Homeland Security

By Marcelo Alonso May 7, 2009
Considered one of the premier Brazilian mixed martial artists, Antonio Rogerio Nogueira will throw MMA leather on his home soil for the first time in the Jungle Fight “Ceara” main event this Saturday at the Paulo Serasate Gymnasium in Fortaleza, Brazil.

“I’ve had 14 of my 19 fights in Japan,” Nogueira said. “Last year, I had the opportunity to box in the Pan American Championships in Rio [de Janeiro], and it was such an amazing experience. This Saturday, I’ll be able to fight for my people under my rules.”

Brazilian cable TV outlet Premiere Combat will carry the show on pay-per-view. Three months after he knocked out former International Fight League champion Vladimir Matyushenko at Affliction “Day of Reckoning,” Nogueira will take on Dion Staring, a Golden Glory teammate of Alistair and Valentijn Overeem, Sergei Kharitonov and Semmy Schilt.

“I’ve seen four of his fights,” Nogueira said. “He likes to combine low kicks and punches, has a strong right cross punch and a couple of knockouts on his resume. I think he deserves all my respect, but I’m very self confident and well-trained.”

The opportunity to fight in his homeland means a great deal to Nogueira (16-3), the 32-year-old twin brother of former Pride Fighting Championships and interim UFC heavyweight champion Antonio Rodrigo Nogueira.

Daniel Herbertson/Sherdog.com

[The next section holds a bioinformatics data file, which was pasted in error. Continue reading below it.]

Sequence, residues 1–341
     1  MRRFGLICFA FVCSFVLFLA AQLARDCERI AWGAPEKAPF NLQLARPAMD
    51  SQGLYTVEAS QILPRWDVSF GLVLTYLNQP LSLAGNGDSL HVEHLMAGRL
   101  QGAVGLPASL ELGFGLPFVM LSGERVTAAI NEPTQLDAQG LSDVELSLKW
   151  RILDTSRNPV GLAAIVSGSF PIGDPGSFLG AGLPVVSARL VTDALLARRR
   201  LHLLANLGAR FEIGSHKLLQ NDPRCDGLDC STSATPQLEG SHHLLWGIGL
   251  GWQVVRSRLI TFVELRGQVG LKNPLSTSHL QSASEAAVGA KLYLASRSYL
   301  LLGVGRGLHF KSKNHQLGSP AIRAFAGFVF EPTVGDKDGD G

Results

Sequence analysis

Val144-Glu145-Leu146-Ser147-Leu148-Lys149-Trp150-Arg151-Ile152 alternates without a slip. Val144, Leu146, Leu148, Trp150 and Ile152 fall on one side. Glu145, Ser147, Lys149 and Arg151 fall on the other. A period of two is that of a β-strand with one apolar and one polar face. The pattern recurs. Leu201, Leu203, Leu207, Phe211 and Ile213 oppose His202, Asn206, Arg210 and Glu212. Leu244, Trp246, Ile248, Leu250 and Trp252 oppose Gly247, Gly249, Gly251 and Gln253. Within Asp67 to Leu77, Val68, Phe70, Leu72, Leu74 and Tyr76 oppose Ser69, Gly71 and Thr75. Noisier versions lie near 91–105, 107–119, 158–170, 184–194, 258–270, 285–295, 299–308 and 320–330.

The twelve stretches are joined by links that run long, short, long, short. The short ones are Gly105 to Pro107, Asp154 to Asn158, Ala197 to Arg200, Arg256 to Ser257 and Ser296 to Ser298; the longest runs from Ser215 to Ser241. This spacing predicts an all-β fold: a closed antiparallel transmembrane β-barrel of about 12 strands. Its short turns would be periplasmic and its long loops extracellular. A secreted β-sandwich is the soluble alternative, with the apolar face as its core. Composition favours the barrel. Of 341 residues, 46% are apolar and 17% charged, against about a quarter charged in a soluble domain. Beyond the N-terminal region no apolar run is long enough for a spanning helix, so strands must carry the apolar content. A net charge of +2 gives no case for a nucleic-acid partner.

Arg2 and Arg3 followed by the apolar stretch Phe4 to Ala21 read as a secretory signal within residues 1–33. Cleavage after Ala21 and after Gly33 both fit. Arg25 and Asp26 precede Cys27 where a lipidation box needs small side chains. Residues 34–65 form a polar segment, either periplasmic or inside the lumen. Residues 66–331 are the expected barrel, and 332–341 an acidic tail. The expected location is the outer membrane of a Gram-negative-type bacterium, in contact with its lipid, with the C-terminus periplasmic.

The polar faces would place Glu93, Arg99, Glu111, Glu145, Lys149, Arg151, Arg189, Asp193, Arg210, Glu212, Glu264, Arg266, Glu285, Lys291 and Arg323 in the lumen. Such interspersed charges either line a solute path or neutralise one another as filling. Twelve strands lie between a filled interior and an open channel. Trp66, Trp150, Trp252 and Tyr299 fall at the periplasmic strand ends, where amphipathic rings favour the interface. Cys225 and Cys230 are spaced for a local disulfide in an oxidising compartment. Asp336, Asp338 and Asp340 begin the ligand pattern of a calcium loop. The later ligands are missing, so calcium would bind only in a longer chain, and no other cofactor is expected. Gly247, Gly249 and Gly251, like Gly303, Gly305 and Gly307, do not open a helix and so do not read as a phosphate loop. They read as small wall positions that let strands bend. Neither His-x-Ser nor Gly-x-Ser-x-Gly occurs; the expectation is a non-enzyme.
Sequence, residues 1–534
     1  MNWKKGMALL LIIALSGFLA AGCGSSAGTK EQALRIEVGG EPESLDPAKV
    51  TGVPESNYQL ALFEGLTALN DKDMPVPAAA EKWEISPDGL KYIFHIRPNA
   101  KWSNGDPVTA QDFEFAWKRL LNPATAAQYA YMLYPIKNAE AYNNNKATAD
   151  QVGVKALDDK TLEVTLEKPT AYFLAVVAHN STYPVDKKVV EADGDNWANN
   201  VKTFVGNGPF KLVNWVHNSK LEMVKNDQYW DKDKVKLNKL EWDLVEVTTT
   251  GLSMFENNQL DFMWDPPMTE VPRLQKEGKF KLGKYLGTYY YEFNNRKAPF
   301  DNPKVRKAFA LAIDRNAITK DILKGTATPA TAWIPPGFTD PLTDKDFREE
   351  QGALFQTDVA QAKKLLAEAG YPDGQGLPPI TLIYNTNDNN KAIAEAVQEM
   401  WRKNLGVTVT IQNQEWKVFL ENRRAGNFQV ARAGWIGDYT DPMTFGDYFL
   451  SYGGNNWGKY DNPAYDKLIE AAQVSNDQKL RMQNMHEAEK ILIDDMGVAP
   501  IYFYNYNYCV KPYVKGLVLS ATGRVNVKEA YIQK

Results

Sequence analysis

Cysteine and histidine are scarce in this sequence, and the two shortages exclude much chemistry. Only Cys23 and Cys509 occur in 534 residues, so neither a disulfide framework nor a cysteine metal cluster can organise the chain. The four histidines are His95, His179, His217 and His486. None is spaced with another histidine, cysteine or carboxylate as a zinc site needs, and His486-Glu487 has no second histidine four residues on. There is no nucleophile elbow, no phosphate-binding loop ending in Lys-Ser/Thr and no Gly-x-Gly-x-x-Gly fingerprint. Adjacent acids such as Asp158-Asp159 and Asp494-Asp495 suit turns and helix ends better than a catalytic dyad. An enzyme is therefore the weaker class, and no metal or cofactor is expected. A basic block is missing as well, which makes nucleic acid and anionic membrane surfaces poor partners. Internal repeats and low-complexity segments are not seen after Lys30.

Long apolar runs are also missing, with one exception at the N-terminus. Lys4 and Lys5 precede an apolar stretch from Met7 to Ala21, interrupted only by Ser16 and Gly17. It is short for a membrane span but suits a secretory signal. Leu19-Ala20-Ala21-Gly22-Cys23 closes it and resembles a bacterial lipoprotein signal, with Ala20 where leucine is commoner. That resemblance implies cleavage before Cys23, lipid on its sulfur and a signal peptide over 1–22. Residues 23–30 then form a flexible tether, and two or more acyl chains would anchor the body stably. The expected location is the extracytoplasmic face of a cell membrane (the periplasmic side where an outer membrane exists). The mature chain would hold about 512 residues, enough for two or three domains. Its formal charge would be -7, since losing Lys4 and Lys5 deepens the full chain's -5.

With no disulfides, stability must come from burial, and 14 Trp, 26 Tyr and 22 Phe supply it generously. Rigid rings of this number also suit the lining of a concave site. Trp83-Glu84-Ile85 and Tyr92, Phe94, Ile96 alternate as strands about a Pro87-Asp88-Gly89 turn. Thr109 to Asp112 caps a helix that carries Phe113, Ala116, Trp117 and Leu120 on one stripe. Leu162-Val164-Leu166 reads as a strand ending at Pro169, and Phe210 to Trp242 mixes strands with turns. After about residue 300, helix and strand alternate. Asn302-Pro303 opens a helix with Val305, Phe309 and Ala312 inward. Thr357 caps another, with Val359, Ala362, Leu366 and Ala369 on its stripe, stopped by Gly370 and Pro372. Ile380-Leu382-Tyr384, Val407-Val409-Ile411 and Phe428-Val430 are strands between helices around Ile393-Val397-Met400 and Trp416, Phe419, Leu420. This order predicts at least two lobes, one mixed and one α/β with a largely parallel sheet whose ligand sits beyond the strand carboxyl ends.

Saturday's fight will be
Rogerio's first in Brazil.
“I always dreamed of fighting in Brazil and mostly in the northeast, where I was born and have part of my family and friends,” Nogueira said. “It’s going to be a great dream for me.”

Nogueira leaned heavily on his brother in order to prepare for his bout with Staring (15-5), a 30-year-old Dutchman who will enter the match on a two-fight losing streak.

“My brother came from the United States to help me and beat me up,” he said with a smile, his brother shaking his head nearby.

The heavyweight Nogueira sees problems ahead for Staring.

“Rogério is in great shape -- good wrestling, striking and his ground is also very good,” he said. “He is really sharp and self confident for this fight coming in after two knockouts. I bet this fight will end in a knockout or submission.”

“Minotoro” also spoke positively about his relationship with Affliction.

“I’m very happy in Affliction; they are treating me fine, and this fight in Brazil will be very important to keep me in shape for my next fight there,” he said. “I don’t know if it will be on July 11 or Aug. 28, but I’ll be ready.”

One of the most popular fighters in Brazil, Nogueira continues to field questions about when fans might see him competing inside the UFC.

“People keep asking all the time about that, but Affliction made an offer I couldn’t refuse,” he said. “I think I made the correct choice. The UFC’s a great promotion, and it’s a dream for any fighter to fight there. At the moment, I’m close with Affliction and concentrating on winning their belt. In the future, who knows?”

Nogueira also addressed the criticism directed at his teammate, UFC middleweight champion Anderson Silva, after his performance against Thales Leites in a five-round unanimous decision victory at UFC 97 last month. That followed what some saw as a lackluster effort against Patrick Cote at UFC 90.

“Actually, he’s had an amazing run, knocking out everybody in the first or second round, so people expect that from him,” Nogueira said. “The fans need to understand that the sport is evolving, and he’s fighting different opponents with different games. I liked Anderson in both fights. He was very tactical and clearly superior. If we look back, not even Mike Tyson at his best knocked out all his opponents. Anderson didn’t [tie or] break two records (nine straight UFC win and five straight title defenses) by accident.”
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